27th Feb 2024

Landmark EU case to test Musk's X on toxic content

  • X CEO Elon Musk (r) and EU commissioner Thierry Breton (third from right) in the US earlier last year (Photo: ec.europa.eu)
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The European Commission, on Monday (18 December), launched an investigation into the X platform, formerly called Twitter, under new rules countering the spread of illegal content online.

The move, faster than many expected, marks the first formal proceeding under the brand-new Digital Service Act (DSA), which also opens the door for the EU executive to impose fines.

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Notably, the first announcement of the EU's investigation was made public by the commission on X.

The probe follows a preliminary investigation into the dissemination of illegal content by large online platforms in the context of the attack against Israel by Palestinian group Hamas on 7 October.

Already in October, senior EU officials raised concerns over the spread of antisemitic content in X, when single-market commissioner Thierry Breton wrote to the CEOs of X, Alphabet's Google, Meta's Facebook, TikTok, and YouTube.

"Today's opening of formal proceedings against X makes it clear that, with the DSA, the time of big online platforms behaving like they are "too big to care" has come to an end," said Breton.

The commission, Breton said, will now carry out an in-depth investigation into X.

This entails an examination into whether the platform, owned by Elon Musk, has breached DSA obligations for countering the dissemination and amplification of illegal content and disinformation in the EU.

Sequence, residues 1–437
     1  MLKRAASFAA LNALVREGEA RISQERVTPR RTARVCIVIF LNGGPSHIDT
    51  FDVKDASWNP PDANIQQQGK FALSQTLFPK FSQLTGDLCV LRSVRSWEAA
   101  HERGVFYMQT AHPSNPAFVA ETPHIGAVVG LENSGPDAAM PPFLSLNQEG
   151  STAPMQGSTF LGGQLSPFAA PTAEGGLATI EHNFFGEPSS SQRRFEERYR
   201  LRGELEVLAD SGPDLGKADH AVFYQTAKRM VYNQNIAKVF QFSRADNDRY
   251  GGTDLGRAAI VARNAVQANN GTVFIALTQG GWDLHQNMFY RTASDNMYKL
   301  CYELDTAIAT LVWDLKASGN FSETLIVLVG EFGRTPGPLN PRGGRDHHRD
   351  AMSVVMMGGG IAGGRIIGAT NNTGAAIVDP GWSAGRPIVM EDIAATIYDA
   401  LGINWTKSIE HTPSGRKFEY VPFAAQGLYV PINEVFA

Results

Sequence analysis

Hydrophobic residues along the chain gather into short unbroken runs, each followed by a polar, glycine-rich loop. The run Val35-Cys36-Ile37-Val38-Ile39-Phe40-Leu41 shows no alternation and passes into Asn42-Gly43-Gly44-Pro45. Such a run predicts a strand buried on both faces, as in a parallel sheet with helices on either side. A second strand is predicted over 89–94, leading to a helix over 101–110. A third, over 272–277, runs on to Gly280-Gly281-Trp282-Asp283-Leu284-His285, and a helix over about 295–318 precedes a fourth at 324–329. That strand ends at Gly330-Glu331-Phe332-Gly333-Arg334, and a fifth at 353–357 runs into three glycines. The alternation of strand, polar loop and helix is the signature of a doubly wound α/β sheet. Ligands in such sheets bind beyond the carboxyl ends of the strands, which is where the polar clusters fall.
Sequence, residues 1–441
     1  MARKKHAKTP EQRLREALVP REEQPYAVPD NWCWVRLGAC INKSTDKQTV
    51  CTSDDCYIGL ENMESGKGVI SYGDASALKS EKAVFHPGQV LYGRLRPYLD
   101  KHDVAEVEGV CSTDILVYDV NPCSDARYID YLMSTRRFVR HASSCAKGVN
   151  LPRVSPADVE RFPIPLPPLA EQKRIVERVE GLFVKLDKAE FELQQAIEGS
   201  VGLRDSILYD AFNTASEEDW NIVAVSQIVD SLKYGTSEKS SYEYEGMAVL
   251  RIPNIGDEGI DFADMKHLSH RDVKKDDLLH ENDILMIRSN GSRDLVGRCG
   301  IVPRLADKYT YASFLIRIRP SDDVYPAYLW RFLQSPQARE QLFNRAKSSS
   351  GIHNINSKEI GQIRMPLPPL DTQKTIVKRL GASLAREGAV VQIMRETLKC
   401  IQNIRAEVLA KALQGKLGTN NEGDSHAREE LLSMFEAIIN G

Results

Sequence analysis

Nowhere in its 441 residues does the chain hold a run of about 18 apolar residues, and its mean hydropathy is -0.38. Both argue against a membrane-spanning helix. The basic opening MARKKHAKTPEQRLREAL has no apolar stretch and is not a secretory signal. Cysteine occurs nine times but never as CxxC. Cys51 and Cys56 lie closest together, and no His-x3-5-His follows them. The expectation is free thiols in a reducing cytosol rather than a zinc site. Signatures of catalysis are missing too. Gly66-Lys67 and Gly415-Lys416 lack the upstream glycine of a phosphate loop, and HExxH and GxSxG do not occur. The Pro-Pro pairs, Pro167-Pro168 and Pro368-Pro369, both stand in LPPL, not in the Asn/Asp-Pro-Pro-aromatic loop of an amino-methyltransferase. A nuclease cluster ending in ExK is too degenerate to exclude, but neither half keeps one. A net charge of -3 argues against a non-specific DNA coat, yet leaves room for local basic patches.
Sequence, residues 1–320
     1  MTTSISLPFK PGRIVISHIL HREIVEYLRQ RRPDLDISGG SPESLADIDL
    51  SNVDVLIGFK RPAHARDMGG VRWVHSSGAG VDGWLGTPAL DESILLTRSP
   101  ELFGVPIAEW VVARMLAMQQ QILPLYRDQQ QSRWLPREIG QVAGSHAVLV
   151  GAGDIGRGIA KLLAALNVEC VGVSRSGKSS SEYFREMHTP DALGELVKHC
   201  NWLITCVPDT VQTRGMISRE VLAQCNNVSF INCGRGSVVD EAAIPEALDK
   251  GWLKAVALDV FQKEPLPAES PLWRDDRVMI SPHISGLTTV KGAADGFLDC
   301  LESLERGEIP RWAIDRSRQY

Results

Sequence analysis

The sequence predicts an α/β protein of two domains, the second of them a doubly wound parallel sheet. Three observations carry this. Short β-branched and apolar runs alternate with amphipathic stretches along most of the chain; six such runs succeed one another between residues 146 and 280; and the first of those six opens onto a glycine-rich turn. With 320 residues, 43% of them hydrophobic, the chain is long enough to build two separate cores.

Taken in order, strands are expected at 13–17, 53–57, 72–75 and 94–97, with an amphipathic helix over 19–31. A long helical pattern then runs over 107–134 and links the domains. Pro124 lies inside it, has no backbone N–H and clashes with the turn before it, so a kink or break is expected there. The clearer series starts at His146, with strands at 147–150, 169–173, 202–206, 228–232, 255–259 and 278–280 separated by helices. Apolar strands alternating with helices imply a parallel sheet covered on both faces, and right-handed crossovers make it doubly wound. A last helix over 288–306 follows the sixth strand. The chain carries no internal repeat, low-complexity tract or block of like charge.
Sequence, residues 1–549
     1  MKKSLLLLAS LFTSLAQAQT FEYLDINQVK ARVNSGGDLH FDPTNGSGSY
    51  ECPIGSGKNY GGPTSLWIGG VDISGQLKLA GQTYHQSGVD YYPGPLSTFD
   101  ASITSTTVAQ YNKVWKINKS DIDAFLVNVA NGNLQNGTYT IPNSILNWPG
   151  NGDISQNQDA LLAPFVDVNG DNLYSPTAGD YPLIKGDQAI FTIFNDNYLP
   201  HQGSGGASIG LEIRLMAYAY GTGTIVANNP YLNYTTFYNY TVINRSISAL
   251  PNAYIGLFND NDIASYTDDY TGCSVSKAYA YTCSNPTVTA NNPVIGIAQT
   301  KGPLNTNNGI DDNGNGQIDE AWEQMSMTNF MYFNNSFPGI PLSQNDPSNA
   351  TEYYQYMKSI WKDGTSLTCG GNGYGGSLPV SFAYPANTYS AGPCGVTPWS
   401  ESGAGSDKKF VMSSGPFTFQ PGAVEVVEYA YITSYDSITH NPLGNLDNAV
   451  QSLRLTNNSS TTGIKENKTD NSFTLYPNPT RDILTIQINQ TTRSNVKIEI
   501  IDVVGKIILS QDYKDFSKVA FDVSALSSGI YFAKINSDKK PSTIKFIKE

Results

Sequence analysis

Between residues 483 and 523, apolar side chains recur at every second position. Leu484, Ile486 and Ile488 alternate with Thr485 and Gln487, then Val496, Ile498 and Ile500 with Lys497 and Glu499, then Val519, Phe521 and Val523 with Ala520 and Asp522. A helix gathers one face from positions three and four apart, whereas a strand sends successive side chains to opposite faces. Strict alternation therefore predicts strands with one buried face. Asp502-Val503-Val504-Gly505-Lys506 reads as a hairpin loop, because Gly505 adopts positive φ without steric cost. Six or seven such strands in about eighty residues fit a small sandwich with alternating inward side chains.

They will also look into transparency and the user design of one of the most popular platforms in the world, with about 112m monthly active users across the 27-nation European bloc.

This includes looking into X's so-called 'Blue checks' and 'Community Notes' — a fact-checking initiative launched in 2021, which relies on contributors to tackle disinformation.

The announcement was welcomed by the centre-left Socialists & Democrats group in the European Parliament as "good news". "Excellent work by the EU Commission. DSA will be enforced," said socialist Danish MEP Christel Schaldemose.

"What is illegal in the real world is also illegal online. The rules of the game are clear and anyone who does not respect them must take responsibility," said Slovenia's minister for digital transformation Emilija Stojmenova Duh.

X, for its part, said in a statement that the company remained committed to complying with the DSA, while underlying that scrutiny must remain "free of political influence".

The DSA is a new law on curbing online hate and illegal contact which entered into force in November last year.

It empowers the commission to fine X and other platforms up to six percent of their global turnover.


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